Vladimir and Estragon are still waiting

At the Irish Times, Northern Editor Gerry Moriarty, riffs on a literary theme – Not so much ‘Groundhog Day’ again as ‘Waiting for Godot’

Edited highlights from the article –

People often compare the Northern political process to the film Groundhog Day, where the characters are condemned to relive the same day over and over. But they are wrong. The process is like Waiting for Godot.

For those few Irish Times readers unfamiliar with the play, Samuel Beckett’s characters Vladimir and Estragon are still waiting. And so are we. And we will wait for a while longer before there is a comprehensive political agreement in Northern Ireland.

Good old Vlad and Estragon: they generally travel in hope, occasionally losing faith, but always prepared to face the night in the possibility of a bright dawn, of Godot wandering on to the stage. So it was with the Taoiseach, Mr Ahern, and the British Prime Minister in the Waterfront Hall in Belfast yesterday.

Mr Ahern said this final issue of pictures could be resolved before Christmas. Later, though, he conceded that a pre-Christmas solution was perhaps “aspirational”. But like Beckett’s men, both the Taoiseach and Prime Minister hold to their duty of hope.

Nine days ago the question was asked here: would Gerry Adams see the chance of a deal wasted over a picture of a redundant AK47? Would Ian Paisley sacrifice all that the DUP gained for a photograph of a redundant rocket launcher? We got our answer yesterday: yes, and yes again.

As the article says

We are now into the blame game, a more popular past-time than PlayStation 2 up here. At the DUP press conference in east Belfast yesterday, the Rev Ian Paisley blamed republicans for the crash of this agreement.

Over in west Belfast, the Sinn Féin president, Mr Gerry Adams, said it was all the DUP’s responsibility.

No surprises there. The tendency at such times is for culpability to break down along sectarian lines. It’s simple: nationalists blame unionists and unionists blame nationalists. It’s already shaping up for that pattern of fault-finding, but there could be some variations on that game this time.

The reasonable question being asked yesterday was, What was the point in Mr Ahern and Mr Blair coming to Belfast without a deal? Wasn’t that an abject admission of yet another failure in this process? To try to understand the governments’ reasoning one must also understand that in recent weeks the consistent line from Dublin and London was that they hoped that the IRA might make some compromises on photographs.[my emphasis]

Mr Adams and Mr Martin McGuinness in the negotiations during and since Leeds Castle in September didn’t say yes to pictures, and they didn’t say no[my emphasis again], we were told. The governments drew hope from this absence of a definitive response that the IRA might live with pictures being perhaps shown to Dr Paisley, and even possibly being published.

Towards the end of the article Gerry Moriarty attempts a, relatively, optimistic assessment –

So, like Vladimir and Estragon, will we be waiting forever for a deal? Mr Ahern and Mr Blair will meet on the margins of an EU meeting next week to see if there is a way forward. The Northern Secretary Paul Murphy and Minister for Foreign Affairs Dermot Ahern will meet the parties next week.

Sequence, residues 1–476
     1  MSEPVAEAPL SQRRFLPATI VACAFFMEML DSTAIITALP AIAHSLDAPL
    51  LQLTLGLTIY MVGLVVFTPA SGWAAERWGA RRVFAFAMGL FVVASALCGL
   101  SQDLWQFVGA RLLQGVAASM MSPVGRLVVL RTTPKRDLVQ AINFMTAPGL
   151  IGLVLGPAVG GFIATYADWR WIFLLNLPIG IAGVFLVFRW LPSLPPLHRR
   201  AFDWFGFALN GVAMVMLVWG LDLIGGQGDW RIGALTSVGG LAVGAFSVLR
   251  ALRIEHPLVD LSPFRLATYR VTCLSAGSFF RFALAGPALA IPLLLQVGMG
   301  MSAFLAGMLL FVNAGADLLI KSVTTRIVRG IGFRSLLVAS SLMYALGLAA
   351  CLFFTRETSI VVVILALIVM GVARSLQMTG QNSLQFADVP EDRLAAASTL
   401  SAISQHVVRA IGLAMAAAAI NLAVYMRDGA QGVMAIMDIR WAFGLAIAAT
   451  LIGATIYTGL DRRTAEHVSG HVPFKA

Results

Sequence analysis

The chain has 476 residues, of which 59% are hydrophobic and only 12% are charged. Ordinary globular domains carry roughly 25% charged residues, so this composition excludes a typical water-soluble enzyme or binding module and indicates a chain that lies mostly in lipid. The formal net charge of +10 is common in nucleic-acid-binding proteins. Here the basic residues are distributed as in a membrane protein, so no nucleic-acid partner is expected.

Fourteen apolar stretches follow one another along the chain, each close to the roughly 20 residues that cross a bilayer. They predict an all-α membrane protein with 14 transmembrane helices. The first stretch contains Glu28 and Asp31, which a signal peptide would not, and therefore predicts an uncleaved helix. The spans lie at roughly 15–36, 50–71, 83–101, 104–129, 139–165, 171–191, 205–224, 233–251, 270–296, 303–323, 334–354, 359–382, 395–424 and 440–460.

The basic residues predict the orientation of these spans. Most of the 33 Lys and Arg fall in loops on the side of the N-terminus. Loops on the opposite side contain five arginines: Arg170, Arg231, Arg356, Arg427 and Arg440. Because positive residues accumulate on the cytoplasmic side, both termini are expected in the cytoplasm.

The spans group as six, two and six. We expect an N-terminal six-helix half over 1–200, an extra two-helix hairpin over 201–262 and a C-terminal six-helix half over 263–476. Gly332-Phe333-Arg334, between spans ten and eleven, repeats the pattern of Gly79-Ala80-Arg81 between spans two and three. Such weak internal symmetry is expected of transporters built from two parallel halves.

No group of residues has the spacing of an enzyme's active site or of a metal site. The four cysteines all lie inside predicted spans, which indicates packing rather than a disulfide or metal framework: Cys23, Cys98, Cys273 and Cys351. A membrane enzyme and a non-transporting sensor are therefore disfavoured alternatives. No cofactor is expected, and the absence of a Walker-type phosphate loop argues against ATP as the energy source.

Mr Murphy told The Irish Times last night, “Yes, we are disappointed, but we are not despairing.” Like Beckett’s characters.

There really is just one issue left to resolve; not guns, not Semtex, not policing, not even whether there would be independent observation of IRA decommissioning in addition to Gen de Chastelain – but photographs

Mr Blair, when advising Dr Paisley against humiliating his opponents, also said it wasn’t sensible to overreact to such talk. Somewhere in that comment lies the solution: a little more restraint from the Doc, a thicker skin, just a little more give from republicans.

How long we must wait for that to happen is hard to call. But if Northern Ireland politicians have any competence, it shouldn’t be as long as Vladimir and Estragon have to wait.

Ah.. IF Northern Ireland politicians have any competence…. that might just be the problem, Gerry.

After all, Vladimir and Estragon are always waiting.

  • slackjaw

    What? So this isn’t the Endgame?

  • Davros

    Denis Bradley waxes lyrical on the literary theme as well in the online Irish News pete, bringing in Oscar Wilde, Yeats, Hewitt and Shaw

    Shaw, another Protestant, was even more dogged and outspoken.

    He had little time for Irish Catholic subservience and believed that it was only the self-reliance of Protestantism that would throw off English imperialism.

    He retained, however, a great belief in both our traditions managing our own affairs.

    “I would rather be burned at the stake by Irish Catholics,” he announced, “than be protected by an Englishman.”

    And we are being protected by an English man.

    Orde – an English man – chief constable of the north’s police service is meeting those who would have once seen him as a legitimate target.

    and

    I have empathy for those who feel like John Hewitt: ‘‘This is my home and country. Later on perhaps I’ll find this nation is my own.’’

    It was assumed that he spoke only for the Prod; perhaps he also reflected a deep wound within the Taig.

    I long for the catharsis that has not yet found its release.

    Over the weekend I will say a prayer that our politicians might find the artistic spark.

  • Davros

    The italicising went awry there!

  • Belfast Gonzo

    Gerry’s metaphor is spot on. IIRC, the last line of ‘Godot’ is a stage instruction: “They do not move.”

    Seems appropriate.

    Wonder who plays Lucky, the fool?

  • George

    What was it Beckett said of his time teaching up North?

    The cream of Ireland, rich and thick.

    Just about sums up the politicians…